Diversity’s Latest Frontier – Nonbinary People and the Use of Pronouns – 6 Points and Resources

One reason I love working in the DEI (Diversity, Equity and Inclusion) field is because it continues to grow and evolve. It is exciting to consult and train in an area that does not remain stagnant, but brings new challenges each year.

One topic I have been really enjoying is the growing awareness and presence of nonbinary people and use of pronouns. In fact, last June, I got more LGBTQ Pride Month speaking requests for this topic than any other!

What is this all about? Simply put, all aspects of humanity are on a spectrum and not always one way of the other. Society in general for so long has insisted that someone is either a man or woman, is either male or female. In reality, many people deep in their core feel that are a combination of genders or no gender at all. A few years ago, this concept was referred to as “gender nonbinary,” but now the best terminology is simply “nonbinary.”

Here are some points and resources around nonbinary people:

1) There are different terms that some people use in place of nonbinary. They include Genderqueer and Gender Expansive.

2) Many nonbinary people use the pronoun “they” instead of identifying with he or she. If a nonbinary person lets you know that they use the pronoun “they,” it is respectful to then refer to them as “they” when talking about them.

Two time US pairs figure skating champion and 2022 Olympian Timothy Leduc (tall person in the middle) has recently come out as nonbinary. Link to article.

3) Miriam-Webster’s Dictionary listed “they” used as singular non-gendered pronoun as their “word of the year” in 2019! Read the article here.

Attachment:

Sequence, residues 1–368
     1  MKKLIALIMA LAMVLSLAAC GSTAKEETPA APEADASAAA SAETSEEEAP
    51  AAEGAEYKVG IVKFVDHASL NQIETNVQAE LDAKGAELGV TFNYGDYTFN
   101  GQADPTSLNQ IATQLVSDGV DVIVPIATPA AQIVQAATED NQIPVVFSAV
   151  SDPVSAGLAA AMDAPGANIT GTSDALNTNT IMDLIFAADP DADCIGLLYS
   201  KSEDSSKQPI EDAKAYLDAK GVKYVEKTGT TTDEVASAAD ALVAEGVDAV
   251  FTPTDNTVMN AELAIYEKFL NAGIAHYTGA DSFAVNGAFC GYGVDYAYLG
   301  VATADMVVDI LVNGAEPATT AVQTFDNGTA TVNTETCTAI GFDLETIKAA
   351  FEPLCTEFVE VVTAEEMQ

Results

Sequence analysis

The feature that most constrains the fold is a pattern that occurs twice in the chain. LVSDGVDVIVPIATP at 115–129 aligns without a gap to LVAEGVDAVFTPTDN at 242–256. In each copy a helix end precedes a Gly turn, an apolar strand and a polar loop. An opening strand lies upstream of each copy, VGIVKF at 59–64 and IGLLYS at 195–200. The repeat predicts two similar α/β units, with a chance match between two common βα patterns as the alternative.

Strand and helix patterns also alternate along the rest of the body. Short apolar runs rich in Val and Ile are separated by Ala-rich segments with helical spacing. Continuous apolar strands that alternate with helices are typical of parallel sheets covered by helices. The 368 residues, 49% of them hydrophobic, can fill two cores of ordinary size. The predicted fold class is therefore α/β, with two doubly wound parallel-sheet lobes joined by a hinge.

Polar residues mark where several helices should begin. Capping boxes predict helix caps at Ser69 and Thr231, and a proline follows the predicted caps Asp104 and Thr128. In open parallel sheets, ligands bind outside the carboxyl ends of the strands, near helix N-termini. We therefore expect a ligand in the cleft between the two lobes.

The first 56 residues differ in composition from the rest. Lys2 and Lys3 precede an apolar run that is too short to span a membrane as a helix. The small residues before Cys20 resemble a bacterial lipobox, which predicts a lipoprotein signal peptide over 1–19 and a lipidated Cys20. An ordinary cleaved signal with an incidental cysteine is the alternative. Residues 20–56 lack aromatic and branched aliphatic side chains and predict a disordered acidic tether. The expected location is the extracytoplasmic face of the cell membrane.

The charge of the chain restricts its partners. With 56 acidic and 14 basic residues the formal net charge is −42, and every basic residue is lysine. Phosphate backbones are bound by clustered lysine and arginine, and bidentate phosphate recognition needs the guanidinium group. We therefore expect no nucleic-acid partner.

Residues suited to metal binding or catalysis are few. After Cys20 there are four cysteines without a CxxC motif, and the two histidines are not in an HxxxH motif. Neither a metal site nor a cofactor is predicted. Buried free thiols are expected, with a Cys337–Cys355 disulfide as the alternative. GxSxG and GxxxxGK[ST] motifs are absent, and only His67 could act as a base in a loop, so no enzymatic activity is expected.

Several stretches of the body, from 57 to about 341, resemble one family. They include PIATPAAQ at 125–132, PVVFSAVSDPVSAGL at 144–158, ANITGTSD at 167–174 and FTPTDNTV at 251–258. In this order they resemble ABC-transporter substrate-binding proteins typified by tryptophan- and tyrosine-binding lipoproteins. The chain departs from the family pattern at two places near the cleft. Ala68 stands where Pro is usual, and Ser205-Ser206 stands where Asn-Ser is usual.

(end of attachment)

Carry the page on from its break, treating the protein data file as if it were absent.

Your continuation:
4) The leading LGBTQ+ Workplace Advocacy organization Out and Equal Workplace Advocate makes available a comprehensive guide for use of pronouns in the workplace. This resource (link) is focused on practical guidance for  implementing successful practices and norms around pronouns in the workplace.

5) Companies and organizations wanting to attract bright young talent need to make sure the language they use in recruiting and job postings are inclusive of nonbinary people and those who support them. Instead of using “he or she” when writing about job responsibilities, simply use “they.”

6) Even when speaking to an audience, starting off with “ladies and gentlemen” is not inclusive. It is better to address an audience with “Greetings distinguished guests” or “Hello everyone!” In her new book “Inclusive 360 – Proven Solutions for an Equitable Organization” (read my blog about this fantastic book), Bernadette Smith gives lots of advice for interacting with nonbinary employees and customers.

Bottom line – it is all about respect! There should be no difficulty in treating people and addressing people are they want to be treated and addressed.

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Do please be in touch ([email protected]) if I can provide a training session for your team on use of pronouns. I love speaking on this topic. Thanks! Stan Kimer (he / him)

Happy New Year! My Top 7 blogs of 2021